I attended the auction of Caire Medical’s surplus machinery Nov. 4, in Indianapolis. The auctioneer, Asset Sales Inc. of Indian Trail, North Carolina, had a financial interest in the sale. There was an 18% buyer’s premium tacked onto the bid prices. The equipment was superb and the bidding was spirited.

The hottest piece in the sale was a Citizen M32 Type V, new in 2007, with a FMB barloader. The bid price was $262,500 plus 18%, taking it over $300,000. There were (2) M32 Type III machines (new in 2003) which fetched $160,000 and $140,000 plus BP. An A-16 VIP Citizen (new in 2006) sold for $50,000 plus BP.

Two Mori Seiki vertical machining centers (new in 2007) fetched $73,000 each. A similar machine in Seattle three months ago brought 65K. A nine-year-old Tsugami 10 pallet vertical machining center brought $140,000. A Nakamura TW-20, (new in 1992) fetched $95,000, and a similar machine (new in 1995) brought $65,000—don’t know why the difference.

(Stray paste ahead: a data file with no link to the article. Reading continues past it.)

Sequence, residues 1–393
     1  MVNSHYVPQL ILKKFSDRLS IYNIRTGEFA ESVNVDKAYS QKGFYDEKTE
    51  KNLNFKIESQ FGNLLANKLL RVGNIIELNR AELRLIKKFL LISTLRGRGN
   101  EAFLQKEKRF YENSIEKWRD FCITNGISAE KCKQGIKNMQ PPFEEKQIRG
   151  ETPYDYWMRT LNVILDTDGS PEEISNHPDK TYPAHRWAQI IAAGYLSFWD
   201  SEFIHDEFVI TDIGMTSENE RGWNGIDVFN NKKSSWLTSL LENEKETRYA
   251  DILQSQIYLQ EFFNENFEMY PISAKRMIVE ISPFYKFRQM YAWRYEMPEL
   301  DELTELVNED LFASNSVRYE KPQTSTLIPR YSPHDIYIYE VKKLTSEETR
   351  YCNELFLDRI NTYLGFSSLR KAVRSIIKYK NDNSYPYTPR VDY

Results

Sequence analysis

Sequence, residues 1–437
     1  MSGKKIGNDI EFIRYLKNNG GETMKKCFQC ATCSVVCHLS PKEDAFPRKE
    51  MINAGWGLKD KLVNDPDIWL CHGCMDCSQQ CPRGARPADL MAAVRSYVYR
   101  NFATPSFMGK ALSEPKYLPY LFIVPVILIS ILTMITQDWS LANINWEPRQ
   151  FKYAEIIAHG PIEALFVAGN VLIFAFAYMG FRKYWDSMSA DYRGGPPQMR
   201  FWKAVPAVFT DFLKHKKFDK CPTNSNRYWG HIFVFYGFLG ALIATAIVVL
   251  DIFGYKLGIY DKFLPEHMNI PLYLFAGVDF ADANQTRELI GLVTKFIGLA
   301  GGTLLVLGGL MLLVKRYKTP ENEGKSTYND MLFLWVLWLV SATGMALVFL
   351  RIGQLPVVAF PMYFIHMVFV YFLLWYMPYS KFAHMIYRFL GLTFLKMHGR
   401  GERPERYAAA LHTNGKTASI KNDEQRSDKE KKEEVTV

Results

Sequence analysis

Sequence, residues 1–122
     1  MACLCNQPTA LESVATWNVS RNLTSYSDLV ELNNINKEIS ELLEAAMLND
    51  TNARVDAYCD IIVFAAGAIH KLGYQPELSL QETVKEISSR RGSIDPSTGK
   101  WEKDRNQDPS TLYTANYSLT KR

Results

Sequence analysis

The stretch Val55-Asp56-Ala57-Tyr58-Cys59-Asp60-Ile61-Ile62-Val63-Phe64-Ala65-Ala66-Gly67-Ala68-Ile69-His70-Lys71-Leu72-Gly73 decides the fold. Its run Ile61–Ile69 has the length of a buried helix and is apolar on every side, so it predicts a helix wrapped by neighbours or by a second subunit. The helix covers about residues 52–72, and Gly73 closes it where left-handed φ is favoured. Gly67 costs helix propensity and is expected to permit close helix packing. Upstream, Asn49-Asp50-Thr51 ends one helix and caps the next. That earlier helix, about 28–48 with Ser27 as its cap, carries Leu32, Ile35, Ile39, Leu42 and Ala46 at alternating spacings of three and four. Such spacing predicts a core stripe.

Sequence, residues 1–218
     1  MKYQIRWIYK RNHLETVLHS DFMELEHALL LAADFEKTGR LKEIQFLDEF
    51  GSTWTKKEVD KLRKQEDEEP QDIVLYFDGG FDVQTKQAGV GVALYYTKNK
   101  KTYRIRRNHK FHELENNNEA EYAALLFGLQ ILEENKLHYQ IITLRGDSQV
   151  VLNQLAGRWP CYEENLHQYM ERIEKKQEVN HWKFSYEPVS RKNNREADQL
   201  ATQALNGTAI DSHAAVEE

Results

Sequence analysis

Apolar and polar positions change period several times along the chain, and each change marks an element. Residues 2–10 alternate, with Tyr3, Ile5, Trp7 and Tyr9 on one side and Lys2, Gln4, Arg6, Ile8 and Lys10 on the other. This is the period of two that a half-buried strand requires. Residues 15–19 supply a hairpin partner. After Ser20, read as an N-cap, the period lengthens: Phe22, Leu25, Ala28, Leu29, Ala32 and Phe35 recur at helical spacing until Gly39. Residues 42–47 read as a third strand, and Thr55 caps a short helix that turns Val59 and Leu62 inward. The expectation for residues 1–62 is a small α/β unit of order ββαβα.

I talked to a lot of people at the sale and a recurring theme was “business is good and I want to get the year end tax break.”

Another reason may be that the Japanese machine tool importers are low on inventory now. With the dollar dropping like a stone verses the yen, there is an expectation of price increases when the new machines come in.

Citizen and Nakamura tooling and accessories were also keenly bid on. One Citizen lot of tooling fetched $9,000. This was particularly interesting because conventional CAT 40 machining center holders brought modest prices.